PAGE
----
ATLANTA -- With half a season in the books, it’s an appropriate time to take a look at the Georgia Tech football team and determine its real nature.
Is this a team the offensive juggernaut that averaged 51.6 points in its first five games? Or is it a paper tiger that’s benefited by a weak schedule, one that will be exposed by the end-of-the season gauntlet?
Georgia Tech is off to a 6-0 start, the best since the 1966 team, the final one coached by Bobby Dodd. Even the 1990 national championship team had a tie by now. The Yellow Jackets are already eligible for a bowl game, and contingents with connections to the ACC have been visiting Grant Field. The Champs Sports Bowl in Orlando, which gets the second selection after the conference’s BCS choice, had representation present Saturday.
“To accomplish something that hasn’t been done since 1966 certainly speaks volumes to those guys,” head coach Paul Johnson said. “We celebrated for a day, and then we get back to work.”
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After steamrolling the opposition in the first four weeks, Tech has been tested the past two games. In each case, the Jackets were able to hang on to a big lead and win the game. But it has gotten closer. In last week’s 21-16 win over Maryland, the Terps had the ball and a chance to take the lead with 4:11 remaining, only to have the Tech defense rise to the occasion and come up with the crucial stop.
Here’s what we know about the Yellow Jackets midway through the season:
Quarterback Tevin Washington has proven to be the right choice to run the triple-option, but he still has learning to do. He called his own number 32 times last week and doesn’t have the body build that’s likely to withstand such a weekly pounding.
Washington, who has gained 309 yards and scored six times this season, said he missed too many reads against Maryland. Regardless, he isn’t likely to survive the season if he takes as much responsibility.
Washington has shown he can pass the ball with effectiveness. He has thrown for 1,052 yards and 10 touchdowns. He still launches the occasional long throw or fires one into the dirt, but, for the most part, he gives the team a quality passing game.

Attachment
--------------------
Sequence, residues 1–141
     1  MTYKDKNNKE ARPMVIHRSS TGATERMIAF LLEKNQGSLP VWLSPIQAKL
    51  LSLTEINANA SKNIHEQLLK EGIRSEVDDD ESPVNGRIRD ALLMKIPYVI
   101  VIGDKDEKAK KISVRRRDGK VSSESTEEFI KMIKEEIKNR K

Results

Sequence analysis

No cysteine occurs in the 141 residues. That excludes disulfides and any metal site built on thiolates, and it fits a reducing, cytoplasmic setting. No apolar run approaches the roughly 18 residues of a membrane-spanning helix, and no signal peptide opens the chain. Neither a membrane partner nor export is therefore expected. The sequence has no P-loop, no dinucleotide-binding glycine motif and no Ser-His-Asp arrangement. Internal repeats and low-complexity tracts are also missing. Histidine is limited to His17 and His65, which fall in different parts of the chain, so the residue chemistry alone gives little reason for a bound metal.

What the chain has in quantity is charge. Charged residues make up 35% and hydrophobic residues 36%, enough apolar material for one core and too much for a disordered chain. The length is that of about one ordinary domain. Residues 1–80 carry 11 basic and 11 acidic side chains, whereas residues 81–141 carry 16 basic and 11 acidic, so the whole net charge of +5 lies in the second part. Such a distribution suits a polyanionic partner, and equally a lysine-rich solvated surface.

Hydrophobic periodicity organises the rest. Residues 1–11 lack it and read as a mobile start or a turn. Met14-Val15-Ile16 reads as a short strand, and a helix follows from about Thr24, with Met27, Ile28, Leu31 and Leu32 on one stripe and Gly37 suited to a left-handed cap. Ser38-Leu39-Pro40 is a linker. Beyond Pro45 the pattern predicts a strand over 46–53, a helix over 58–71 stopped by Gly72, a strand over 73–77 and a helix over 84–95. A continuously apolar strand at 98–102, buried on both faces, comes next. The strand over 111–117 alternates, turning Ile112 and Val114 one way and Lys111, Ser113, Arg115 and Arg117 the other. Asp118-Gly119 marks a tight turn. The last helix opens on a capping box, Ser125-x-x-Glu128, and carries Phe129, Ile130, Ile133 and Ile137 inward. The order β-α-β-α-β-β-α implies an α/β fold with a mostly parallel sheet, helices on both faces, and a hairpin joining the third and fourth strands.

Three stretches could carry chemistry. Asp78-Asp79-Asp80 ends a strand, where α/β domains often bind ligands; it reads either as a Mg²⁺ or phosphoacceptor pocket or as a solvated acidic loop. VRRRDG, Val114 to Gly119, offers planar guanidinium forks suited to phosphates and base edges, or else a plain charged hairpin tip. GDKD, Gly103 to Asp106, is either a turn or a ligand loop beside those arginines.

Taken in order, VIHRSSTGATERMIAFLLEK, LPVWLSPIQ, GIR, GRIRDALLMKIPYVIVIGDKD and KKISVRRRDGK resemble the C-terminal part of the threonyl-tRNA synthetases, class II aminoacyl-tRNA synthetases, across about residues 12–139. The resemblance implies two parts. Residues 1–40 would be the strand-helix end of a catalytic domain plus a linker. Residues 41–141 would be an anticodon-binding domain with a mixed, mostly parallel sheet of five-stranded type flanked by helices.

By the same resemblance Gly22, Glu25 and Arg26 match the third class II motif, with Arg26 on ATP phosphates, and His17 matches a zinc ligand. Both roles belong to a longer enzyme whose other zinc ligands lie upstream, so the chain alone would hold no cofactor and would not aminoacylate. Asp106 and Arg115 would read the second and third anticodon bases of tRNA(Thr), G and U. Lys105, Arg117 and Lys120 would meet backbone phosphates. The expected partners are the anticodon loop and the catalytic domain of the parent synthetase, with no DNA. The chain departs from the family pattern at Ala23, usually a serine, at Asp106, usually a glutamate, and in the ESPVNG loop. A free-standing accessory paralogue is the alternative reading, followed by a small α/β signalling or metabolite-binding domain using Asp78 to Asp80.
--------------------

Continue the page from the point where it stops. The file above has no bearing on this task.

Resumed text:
Stephen Hill (17 catches, four touchdowns) gives the team a game-breaking receiver.
A-back Orwin Smith has the size and speed to be a star. He has rushed for 464 yards and eight touchdowns. Things happen when Smith touches the ball -- he created a 12-yard touchdown run Saturday that was highlight reel material. But he ran it only four times against Maryland, and that’s not enough.
The defense continues to show improvement in coordinator Al Groh’s second season. The ability to stop Maryland from threatening to win the game in the waning moments Saturday might have been a big step in the growth process.
Julian Burnett continues to establish himself as a star at inside linebacker. The Westside product had nine tackles last week and leads the team with 58 tackles. ”Julian is a good player,” Johnson said. “You know how I feel about him.”
The secondary, which began the season as the greenest part of the defense, has matured and continues to get good production out of Rod Sweeting, Louis Young and Isaiah Johnson. There have already been seven interceptions, one fewer than all last season.
This area continues to be a concern because of inconsistencies in the kicking and punting games. David Scully averaged 60.8 yards on kickoffs, including one touchback that sailed through the end zone. Sean Poole (37.7 yard average) had done all the punting until Chandler Anderson punted twice last week. Justin Moore missed a 34-yard field goal and has little range outside 40 yards; he has made 4-of-7 field goals.
The return game showed a spark against Maryland, with Tony Zenon returning a kick 79 yards and Zach Laskey, getting a rare chance to return a punt, broke one for 26 yards.
After this week’s game at Virginia, the Yellow Jackets will start pulling against the tougher portion of their schedule. There are consecutive games against Miami, Clemson and Virginia Tech that will answer a lot of the lingering questions.
“I try to approach it like I tell the team,” Johnson said. “You just get ready to play this week. And historically I’ve found through the years coaching that if you do that you can look around in November and say, ‘Wow, we’ve got ourselves a great opportunity.’
“You start worrying about that stuff halfway through the year, and it won’t end well.”